The 10 most famous moments in golf where the rules either helped or hindered a player.


Argentinian golfer Roberto DeVicenzo just finished an apparent final-round 65 to tie for the lead in the 1968 Masters when he signed an incorrect scorecard and was disqualified. His playing partner, Tommy Aaron, had DeVicenzo with a 4 at No. 17 when he had actually recorded a birdie 3. By signing and turning in the incorrect scorecard, DeVicenzo was disqualified from a playoff with Bob Goalby.


On the final hole of the 2010 PGA Championship at Whistling Straits, Dustin Johnson grounded his club in a sandy bunker where the gallery was standing, thinking it was a waste area. After finishing the hole and thinking he was part of a playoff with Bubba Watson and Martin Kaymer, Johnson was immediately informed of the gaffe and assessed a two-shot penalty for grounding his club in a hazard.


In what might have been the first incident of television viewers reporting an infraction, Craig Stadler used a towel to kneel on to keep his pants from getting wet while hitting a shot from underneath a low-hanging tree limb in the 1987 San Diego Open. When highlights of the shot were shown the next day, viewers called tournament officials and said Stadler used the towel to "build a stance," a violation of rules. After the final round, Stadler was informed of the infraction and was DQ'ed for not penalizing himself and signing for an incorrect score, costing him a second-place check.


Prior to the final round of the 2001 British Open, Ian Woosnam tested two different drivers on the range and forgot to remove one before play. After the second hole, his caddie, Myles Byrne, informed Woosnam him that both drivers were still in the bag. The penalty for having more than 14 clubs in the bag is two strokes per hole, meaning Woosnam was penalized four strokes. Without the penalty, Woosnam would have been in a playoff with David Duval.


During a playoff with Jim Furyk on the 18th hole of the 2010 Heritage Classic. Brian Davis played his third shot from a greenside waste area, then informed a tournament official his club may have ticked a loose impediment before striking the ball. After consulting TV replays, the official agreed and assessed Davis a two-shot penalty that essentially handed the title to Furyk. Davis' honesty cost him his first PGA Tour title.


In one of the most controversial incidents that wasn't an infraction, Tiger Woods' tee shot at No. 13 during the final round of the 1999 Phoenix Open came to rest near a huge boulder that would interfere with his swing. Woods asked a rules official if the boulder was considered a "loose impediment" under the rules of golf, even though the boulder was huge. The official correctly told Woods it was, and Woods was allowed to ask members of the gallery to assist him in moving the boulder. With a clear shot to the green, Woods made birdie on the hole.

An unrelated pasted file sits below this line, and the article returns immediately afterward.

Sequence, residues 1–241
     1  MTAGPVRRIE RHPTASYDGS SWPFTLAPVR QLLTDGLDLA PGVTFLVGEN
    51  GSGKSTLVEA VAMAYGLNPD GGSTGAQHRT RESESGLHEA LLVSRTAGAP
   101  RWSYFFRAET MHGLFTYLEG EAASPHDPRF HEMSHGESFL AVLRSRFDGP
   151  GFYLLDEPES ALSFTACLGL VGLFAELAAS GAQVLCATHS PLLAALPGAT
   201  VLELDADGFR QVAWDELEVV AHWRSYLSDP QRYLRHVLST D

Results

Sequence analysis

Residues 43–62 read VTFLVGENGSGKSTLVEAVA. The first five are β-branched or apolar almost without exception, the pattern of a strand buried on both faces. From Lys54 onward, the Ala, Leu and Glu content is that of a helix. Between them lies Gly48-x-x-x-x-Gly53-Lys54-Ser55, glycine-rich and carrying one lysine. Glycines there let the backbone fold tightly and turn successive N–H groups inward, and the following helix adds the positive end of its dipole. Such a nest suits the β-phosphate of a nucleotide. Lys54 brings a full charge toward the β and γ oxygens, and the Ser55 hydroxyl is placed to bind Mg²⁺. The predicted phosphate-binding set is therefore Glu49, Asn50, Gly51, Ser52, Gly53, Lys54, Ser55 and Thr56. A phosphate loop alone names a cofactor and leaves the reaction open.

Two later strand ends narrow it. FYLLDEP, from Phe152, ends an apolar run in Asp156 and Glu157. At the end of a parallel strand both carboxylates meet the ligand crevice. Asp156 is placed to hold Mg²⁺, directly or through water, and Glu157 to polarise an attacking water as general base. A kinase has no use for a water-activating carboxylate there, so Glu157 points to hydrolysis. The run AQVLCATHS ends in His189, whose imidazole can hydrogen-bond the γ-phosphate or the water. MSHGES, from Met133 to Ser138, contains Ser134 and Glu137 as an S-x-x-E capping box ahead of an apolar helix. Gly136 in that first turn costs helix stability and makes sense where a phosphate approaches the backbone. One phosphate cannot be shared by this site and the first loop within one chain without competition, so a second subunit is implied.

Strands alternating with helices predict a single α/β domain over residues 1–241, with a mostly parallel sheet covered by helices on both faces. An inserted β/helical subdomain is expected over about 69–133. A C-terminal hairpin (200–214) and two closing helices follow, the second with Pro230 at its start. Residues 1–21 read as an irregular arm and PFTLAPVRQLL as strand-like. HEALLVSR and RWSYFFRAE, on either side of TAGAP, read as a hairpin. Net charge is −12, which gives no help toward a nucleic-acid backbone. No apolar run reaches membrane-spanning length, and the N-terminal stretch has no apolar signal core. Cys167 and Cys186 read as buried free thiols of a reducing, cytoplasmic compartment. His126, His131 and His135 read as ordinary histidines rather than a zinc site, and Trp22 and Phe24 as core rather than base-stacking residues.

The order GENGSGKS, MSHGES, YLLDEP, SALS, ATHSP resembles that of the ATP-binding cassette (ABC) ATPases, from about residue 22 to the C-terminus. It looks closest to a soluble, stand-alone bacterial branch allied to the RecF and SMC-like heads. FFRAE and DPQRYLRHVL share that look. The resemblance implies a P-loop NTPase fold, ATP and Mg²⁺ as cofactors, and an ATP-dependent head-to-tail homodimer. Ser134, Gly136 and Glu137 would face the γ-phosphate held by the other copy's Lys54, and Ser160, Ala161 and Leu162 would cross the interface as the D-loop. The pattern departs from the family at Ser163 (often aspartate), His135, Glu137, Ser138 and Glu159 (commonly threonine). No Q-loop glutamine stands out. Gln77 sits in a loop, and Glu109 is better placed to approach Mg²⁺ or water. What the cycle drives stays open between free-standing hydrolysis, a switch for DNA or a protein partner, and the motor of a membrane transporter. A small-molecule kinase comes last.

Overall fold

In the 1925 U.S. Open, Bobby Jones called a penalty on himself when his ball moved ever so slightly on a greenside chip from a steep bank. Even though nobody else saw the ball move, Jones assessed himself a one-shot penalty that kept him from winning the tournament outright. Instead, it dropped him into a 36-hole playoff with Willie MacFarlane, which he lost.


Following the end of the third round of the 1991 PGA Championship, John Daly was called to the television truck of PGA officials because three TV viewers claimed that Daly's caddie, Squeaky Medlen, had touched the putting surface to show Daly a putting line on the 11th hole. Such an infraction would had been a two-shot penalty. It was determined, however, that Medlen's action was inadvertent and he was not trying to assist Daly.


During the second round of the 2007 Honda Classic, Mark Wilson's caddie told Camilo Villegas which club Wilson had just used, a violation of Rule 8-1 that resulted in a one-shot penalty for Wilson. Despite the extra shot, Wilson ended up winning the championship in a four-way playoff.


After an opening-round 65 that left him in second place, Padraig Harrington of Ireland was disqualified from the Abu Dhabi Championship because he failed to replace a ball that had moved a fraction of an inch when he picked up his marker. Under European Tour rules, the ball must be replaced if the coin causes it to move. Harrington was assessed a two-shot and disqualified for signing for the wrong score.

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